Restarting a Netware Server



Every once in a while, your Netware server may start exhibiting weird behaviour like files being unavailable for access or unwanted permission denied errors. The last time I had this was at around 250 days of uptime on a server, with continual access by several users.

To solve most of these seemingly deep-rooted problems a server restart can do wonders, especially if applications start warning that data files are already in use when trying to open documents.

The problem with restarting a Netware server is how to do it. If you've never ever seen a Netware server console screen before, you're in for a heck of a job trying to figure out how to restart the machine. It looks a bit like DOS, it looks a bit like a Linux console, but it's neither. Pressing a key will most likely lead to a system beep.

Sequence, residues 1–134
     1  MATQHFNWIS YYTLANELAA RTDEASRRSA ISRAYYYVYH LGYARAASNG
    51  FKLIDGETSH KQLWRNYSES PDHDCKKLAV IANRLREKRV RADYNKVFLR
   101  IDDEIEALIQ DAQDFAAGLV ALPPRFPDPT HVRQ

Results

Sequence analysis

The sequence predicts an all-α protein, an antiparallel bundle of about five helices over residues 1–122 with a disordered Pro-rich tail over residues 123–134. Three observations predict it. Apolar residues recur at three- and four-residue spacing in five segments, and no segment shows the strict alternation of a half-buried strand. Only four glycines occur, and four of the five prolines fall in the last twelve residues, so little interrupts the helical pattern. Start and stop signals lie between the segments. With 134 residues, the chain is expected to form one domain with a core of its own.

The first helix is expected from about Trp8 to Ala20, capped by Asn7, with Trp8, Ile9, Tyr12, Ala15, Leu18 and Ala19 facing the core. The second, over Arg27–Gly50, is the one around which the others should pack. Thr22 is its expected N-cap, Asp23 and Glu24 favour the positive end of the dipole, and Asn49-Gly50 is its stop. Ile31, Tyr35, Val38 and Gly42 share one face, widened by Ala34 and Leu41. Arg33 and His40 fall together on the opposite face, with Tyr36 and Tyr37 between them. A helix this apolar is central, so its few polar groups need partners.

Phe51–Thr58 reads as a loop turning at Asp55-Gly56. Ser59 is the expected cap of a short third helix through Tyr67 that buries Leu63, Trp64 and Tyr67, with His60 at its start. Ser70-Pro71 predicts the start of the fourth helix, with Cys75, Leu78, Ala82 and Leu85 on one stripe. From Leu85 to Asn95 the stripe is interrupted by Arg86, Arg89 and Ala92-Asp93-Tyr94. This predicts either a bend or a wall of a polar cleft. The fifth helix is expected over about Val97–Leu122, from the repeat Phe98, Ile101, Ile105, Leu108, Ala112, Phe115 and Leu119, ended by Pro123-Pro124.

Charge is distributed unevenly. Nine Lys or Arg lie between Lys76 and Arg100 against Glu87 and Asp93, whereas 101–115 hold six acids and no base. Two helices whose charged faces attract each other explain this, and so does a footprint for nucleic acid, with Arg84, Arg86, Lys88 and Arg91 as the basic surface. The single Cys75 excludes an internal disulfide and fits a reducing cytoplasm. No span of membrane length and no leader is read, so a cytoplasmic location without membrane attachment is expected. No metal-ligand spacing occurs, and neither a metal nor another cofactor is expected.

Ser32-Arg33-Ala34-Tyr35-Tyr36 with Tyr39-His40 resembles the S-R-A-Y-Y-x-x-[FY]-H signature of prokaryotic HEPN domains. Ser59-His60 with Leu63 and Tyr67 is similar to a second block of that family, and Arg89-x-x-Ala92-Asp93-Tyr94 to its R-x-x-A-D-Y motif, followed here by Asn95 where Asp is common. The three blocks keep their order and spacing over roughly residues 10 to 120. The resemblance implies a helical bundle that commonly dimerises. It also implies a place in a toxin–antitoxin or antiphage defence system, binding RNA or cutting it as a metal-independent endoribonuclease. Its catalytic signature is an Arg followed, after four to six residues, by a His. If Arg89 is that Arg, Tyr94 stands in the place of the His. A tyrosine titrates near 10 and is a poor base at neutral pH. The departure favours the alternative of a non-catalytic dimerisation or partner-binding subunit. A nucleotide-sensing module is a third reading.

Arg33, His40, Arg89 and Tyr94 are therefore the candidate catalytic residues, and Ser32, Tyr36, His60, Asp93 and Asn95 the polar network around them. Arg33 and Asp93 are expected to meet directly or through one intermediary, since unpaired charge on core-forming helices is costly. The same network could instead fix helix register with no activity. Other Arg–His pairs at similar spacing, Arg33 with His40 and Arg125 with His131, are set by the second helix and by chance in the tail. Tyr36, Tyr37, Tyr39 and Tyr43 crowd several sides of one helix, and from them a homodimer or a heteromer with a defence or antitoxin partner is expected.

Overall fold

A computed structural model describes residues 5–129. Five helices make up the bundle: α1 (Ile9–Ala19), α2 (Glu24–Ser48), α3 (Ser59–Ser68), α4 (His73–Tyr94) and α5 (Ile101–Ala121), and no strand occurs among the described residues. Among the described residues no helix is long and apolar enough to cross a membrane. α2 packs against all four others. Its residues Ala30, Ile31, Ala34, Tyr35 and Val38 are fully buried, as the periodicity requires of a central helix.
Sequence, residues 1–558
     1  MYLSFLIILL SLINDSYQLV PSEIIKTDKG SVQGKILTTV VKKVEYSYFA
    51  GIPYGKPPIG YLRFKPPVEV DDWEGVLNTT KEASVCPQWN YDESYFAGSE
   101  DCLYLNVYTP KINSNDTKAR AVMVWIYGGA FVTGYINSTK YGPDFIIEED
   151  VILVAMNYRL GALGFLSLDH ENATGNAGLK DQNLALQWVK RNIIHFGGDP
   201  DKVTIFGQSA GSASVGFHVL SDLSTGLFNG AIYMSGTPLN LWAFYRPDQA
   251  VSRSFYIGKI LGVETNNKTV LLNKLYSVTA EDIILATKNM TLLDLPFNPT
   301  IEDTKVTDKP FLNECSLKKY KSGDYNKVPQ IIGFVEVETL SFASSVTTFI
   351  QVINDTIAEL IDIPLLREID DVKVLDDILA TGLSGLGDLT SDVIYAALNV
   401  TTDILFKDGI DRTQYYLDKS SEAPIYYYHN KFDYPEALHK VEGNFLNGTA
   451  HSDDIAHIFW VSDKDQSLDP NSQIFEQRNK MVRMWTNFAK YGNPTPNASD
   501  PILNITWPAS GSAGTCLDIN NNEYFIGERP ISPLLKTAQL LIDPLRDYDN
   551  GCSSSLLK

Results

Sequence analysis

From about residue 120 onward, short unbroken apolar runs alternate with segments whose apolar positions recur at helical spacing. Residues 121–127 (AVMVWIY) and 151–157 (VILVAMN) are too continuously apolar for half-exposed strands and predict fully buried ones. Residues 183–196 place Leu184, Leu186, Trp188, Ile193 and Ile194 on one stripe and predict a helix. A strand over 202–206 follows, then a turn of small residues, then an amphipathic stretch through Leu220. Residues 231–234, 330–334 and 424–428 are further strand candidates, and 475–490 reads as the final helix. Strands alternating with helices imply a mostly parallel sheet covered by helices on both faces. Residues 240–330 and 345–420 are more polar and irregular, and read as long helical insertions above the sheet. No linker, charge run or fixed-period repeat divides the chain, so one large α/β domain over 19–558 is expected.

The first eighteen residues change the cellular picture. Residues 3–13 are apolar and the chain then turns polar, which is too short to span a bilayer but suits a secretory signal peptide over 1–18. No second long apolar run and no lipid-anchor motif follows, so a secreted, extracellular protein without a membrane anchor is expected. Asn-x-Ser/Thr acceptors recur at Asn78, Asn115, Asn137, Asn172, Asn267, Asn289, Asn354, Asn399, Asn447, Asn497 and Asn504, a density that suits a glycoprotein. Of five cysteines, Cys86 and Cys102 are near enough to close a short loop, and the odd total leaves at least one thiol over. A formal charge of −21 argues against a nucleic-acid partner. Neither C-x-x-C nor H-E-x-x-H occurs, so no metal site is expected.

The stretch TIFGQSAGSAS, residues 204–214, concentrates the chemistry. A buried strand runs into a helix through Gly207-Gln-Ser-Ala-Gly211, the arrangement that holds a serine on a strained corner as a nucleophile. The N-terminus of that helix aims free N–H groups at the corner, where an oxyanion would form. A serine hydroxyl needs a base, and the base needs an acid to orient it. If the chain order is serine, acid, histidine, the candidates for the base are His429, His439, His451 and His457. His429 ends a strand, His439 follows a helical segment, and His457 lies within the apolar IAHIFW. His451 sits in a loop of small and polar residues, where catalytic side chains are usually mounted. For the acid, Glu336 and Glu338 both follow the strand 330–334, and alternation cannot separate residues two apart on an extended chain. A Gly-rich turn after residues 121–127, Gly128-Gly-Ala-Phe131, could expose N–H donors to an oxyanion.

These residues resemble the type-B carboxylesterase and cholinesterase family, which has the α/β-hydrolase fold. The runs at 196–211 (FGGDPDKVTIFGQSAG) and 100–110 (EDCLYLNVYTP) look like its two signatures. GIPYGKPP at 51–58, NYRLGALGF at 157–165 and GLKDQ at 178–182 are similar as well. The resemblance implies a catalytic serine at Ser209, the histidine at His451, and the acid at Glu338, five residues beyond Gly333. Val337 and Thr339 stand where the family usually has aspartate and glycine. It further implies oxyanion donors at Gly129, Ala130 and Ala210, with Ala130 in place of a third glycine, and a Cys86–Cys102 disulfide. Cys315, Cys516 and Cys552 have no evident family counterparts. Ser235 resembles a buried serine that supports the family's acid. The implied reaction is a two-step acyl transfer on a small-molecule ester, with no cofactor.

So, let me guide you through the process step by step.

Basic Knowledge

Switching tasks in Netware

One of the things you'll actually be needing when operating a Netware server console is task switching. Although the server console screen itself looks a lot like a DOS prompt, it's actually a true multitasking operating system-like environment, more like Linux than DOS.

Switching tasks is relatively easy once you know the keystroke for it: Alt + Esc switches between running tasks and modules.

One thing to note is that you need to press Alt first, once you do a grey taskbar will appear at the top of the screen. Pressing Esc will simply switch one task further, but you can tap Esc multiple times to cycle through all running programs.

Interacting with programs